Travel to the US continued to tumble for the fourth month in succession in July, according to latest data.
The 1.2% year-on-year decline followed a “disappointing” June performance which saw the sector’s six-month trend fall below zero for the first time since September 2015, the US Travel Association revealed.
And the association projects that international inbound travel growth will remain negative over the next six months.
The association said: “The worrying outlook for international inbound travel is consistent with US Travel’s forecast, which projects America’s share of the global long-haul travel market will fall from its current 11.7% to below 10.9% by 2022, despite a projected annual increase in volume of inbound visitors to the United States.
“Factors contributing to the market-share slide include the continued strength of the US dollar, prolonged and rising trade tensions and stiff competition from rivals for tourism business.”
The USTA believes reinstatement of the Brand USA destination marketing organisation, an expanded visa waiver scheme and improving customs waiting times at airports can help reverse the decline.
USTA senior vice president of research, David Huether, said: “With Congress returning to work next week, Brand USA’s long-term re-authorisation must be a top priority.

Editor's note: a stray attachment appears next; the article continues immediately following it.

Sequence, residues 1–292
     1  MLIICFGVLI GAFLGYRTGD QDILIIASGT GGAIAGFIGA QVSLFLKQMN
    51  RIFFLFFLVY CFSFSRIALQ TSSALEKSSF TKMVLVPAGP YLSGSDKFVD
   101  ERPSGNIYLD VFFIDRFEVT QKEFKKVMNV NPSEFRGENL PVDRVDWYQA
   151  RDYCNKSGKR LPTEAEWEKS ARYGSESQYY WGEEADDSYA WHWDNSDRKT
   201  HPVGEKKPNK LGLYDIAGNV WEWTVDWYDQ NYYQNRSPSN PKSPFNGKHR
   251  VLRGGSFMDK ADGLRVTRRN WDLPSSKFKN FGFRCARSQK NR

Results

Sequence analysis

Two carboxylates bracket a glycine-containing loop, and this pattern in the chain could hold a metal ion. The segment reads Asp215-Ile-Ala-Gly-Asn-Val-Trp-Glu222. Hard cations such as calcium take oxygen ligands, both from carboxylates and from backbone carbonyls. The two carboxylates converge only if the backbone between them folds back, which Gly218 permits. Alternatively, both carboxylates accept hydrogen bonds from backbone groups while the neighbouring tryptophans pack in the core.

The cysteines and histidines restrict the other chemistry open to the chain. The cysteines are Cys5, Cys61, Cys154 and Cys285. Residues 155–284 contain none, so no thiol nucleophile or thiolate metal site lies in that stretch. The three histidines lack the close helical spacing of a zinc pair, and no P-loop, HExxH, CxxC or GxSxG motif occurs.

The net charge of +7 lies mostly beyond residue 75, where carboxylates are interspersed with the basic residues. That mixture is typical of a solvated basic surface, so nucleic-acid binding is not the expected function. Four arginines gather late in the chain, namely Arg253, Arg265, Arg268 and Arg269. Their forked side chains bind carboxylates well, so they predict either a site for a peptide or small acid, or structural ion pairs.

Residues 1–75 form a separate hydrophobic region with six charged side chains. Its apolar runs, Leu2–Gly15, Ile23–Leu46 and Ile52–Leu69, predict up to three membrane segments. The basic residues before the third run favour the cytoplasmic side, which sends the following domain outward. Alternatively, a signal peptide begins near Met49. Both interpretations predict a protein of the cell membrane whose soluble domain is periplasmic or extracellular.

“Brand USA’s efforts to promote America to visitors abroad have kept the decline in international inbound visitation from being worse, and it is crucial that Congress works quickly to pass legislation to re-authorise the programme and ensure the continued promotion of the US in the competitive global travel market.”
A 3.8% rise in domestic travel in July kept the sector’s overall growth afloat.
“The solid performance of the domestic leisure and business segments – which together account for 86% of the travel economy in the US – have kept the travel expansion on track through the first seven months of 2019 and have acted as a bulwark against the stagnant state of international inbound travel,” added Huether.
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